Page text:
UNCONSCIOUSLY COMPETENT

CATEGORIES

BY:

Sally Latimer-Boyce

When it comes to resolving IT issues, many end users will automatically reach out to IT support.  Whilst this is entirely understandable, there are occasions when this may lead to a missed opportunity of self-help and reduced support costs. 

 

The fact is, many users are actually very skilled and knowledgeable - they just don't know it.  I call this 'unconsciously competent'.  

 

Some end users are quite adept at grasping specific steps and processes (whether they have been shown by tech support or figured it out for themselves) and yet they resist the temptation to come to the aid of a colleague, even though they have a pretty good idea how to fix the problem.

 

Why are end users not sharing their skill sets with their colleagues, and helping one another fix their own IT problems? 

 

Notwithstanding the fact they may not be authorized to do so, they are likely to be afraid of breaking something.  They may have tried to help in the past, only to be shot down by a co-worker, or they might lack confidence and be afraid of getting it wrong.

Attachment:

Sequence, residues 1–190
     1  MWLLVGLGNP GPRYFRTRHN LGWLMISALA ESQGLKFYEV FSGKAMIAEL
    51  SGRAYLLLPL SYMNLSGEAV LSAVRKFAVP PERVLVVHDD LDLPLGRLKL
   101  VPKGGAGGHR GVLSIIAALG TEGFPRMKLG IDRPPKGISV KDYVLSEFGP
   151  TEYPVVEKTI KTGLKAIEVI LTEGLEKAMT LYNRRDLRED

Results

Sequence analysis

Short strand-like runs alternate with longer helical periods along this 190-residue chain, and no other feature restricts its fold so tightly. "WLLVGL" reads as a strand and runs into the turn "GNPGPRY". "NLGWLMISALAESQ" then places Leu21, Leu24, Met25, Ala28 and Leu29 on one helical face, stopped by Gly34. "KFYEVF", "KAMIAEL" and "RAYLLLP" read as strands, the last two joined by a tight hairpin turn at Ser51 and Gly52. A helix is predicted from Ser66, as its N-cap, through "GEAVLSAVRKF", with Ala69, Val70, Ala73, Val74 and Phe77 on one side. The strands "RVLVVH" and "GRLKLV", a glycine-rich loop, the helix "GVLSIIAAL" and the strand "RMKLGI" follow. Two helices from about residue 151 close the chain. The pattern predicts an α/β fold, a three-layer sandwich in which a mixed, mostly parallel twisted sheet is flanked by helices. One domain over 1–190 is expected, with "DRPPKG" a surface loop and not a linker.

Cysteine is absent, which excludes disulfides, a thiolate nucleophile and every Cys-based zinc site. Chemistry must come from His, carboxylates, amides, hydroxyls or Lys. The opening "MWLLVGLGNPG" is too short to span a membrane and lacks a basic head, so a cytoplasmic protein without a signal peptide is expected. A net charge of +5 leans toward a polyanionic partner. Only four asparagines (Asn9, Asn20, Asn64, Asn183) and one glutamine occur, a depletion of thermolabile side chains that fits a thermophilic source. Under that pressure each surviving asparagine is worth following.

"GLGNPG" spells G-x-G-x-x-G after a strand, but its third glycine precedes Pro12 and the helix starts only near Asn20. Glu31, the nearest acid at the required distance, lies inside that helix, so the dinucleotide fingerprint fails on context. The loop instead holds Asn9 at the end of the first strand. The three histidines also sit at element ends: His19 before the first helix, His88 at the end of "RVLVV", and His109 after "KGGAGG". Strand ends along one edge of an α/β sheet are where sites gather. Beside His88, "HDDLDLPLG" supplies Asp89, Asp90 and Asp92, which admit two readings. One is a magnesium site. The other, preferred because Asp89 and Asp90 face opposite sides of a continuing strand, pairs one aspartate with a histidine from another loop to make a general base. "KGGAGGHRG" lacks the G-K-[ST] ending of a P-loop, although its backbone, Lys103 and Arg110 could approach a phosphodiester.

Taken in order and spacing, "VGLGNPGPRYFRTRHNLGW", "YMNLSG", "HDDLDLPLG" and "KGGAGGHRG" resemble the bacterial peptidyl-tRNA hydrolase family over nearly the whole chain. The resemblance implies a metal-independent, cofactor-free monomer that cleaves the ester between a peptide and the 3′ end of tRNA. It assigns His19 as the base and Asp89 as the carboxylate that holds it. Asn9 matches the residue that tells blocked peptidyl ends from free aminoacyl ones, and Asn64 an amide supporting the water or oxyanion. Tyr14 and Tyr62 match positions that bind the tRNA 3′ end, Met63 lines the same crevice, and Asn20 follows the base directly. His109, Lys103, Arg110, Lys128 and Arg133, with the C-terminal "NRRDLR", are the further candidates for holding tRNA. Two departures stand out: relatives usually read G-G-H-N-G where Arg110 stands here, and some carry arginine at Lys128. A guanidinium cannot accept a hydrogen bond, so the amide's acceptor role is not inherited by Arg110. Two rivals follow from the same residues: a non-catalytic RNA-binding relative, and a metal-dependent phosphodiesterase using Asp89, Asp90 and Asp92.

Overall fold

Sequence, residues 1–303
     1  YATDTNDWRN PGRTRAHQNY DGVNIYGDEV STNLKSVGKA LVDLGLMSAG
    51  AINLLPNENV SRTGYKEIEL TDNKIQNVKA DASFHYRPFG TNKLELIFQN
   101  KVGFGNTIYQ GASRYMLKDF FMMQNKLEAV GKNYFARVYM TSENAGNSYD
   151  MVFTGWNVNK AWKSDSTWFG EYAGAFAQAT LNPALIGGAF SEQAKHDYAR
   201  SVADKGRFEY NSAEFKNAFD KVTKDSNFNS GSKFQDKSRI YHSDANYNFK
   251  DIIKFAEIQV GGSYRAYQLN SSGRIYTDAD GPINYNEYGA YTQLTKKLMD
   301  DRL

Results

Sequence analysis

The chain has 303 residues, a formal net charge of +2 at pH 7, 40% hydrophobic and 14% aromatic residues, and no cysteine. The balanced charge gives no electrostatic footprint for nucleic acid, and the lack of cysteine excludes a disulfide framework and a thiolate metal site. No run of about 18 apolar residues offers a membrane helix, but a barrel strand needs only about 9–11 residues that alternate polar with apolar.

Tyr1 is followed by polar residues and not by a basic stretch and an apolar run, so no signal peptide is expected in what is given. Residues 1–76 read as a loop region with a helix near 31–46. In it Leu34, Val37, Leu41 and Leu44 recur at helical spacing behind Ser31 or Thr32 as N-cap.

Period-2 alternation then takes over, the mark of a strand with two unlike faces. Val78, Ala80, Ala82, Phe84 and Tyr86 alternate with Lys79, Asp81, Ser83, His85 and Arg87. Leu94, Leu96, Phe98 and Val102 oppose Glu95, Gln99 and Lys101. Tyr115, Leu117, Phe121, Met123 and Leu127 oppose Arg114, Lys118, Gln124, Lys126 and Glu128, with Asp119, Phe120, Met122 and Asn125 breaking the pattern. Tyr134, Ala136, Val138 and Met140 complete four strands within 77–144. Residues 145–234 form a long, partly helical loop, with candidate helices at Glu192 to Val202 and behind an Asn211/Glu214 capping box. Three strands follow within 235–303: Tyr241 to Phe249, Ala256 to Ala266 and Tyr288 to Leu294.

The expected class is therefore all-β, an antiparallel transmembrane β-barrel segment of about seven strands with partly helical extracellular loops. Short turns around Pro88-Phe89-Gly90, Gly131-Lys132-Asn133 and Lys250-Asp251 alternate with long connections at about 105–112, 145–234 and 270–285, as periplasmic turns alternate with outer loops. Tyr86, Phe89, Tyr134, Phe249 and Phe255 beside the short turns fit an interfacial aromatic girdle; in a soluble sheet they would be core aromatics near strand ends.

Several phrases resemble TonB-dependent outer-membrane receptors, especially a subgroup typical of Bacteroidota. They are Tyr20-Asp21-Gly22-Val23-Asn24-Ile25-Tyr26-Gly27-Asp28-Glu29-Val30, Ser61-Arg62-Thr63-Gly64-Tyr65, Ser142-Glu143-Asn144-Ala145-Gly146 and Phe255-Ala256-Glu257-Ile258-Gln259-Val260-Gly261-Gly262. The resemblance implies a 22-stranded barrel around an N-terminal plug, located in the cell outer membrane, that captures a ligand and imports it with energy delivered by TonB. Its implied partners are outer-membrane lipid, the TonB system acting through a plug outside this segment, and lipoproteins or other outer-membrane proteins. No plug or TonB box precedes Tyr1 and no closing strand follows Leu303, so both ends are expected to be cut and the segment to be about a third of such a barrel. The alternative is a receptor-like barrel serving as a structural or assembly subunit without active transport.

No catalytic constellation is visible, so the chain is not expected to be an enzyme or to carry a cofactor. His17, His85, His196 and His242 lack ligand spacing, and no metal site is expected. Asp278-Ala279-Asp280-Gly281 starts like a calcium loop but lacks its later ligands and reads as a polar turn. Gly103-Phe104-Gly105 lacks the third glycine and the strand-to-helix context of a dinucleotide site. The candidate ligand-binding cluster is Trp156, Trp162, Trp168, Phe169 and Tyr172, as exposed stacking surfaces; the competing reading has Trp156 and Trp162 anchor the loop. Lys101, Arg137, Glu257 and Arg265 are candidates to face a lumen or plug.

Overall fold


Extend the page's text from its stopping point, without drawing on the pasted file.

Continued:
If users were confident enough to share what they know, and their knowledge harvested and shared with other employees, the truth is that dependency upon IT support would reduce massively.  

 

Specifically, basic tasks that tech support may have just talked a competent end user through could be put to good use if that individual were to be empowered to share their knowledge with others.

 

Let me give you an example:  A computer user calls tech support. The fix was a few clicks away and the end user understood the instruction.  Five minutes later, a colleague two desks away from the first employee phones tech support with the same issue.  Of course tech support will help, but it might have been just as easily handled by that first member of staff (given half a chance). 

 

Multiply this by 15-20 end users, and you have yourself a whole two hours of IT support charges that could have been handled in-house.  At the very least, consider implementing a method for staff to share troubleshooting tips with one another.  

 

Alternatively, if you recognize an end user with a natural ability and flair for grasping IT, consider assigning them as the first point of contact for all IT issues.  Even the responsibility of collating IT enquiries in the first instance is a good start, since it will eliminate duplication.  With the right training, that appointed individual may even be able to resolve the issue directly.

 

With the right guidance from tech support, it is entirely possible to empower one end user to act as front line support - reducing the dependency on external support.

 

 

Sally Latimer-Boyce

"BLOODY COMPUTERS - How to Regain Control of IT Support Costs"

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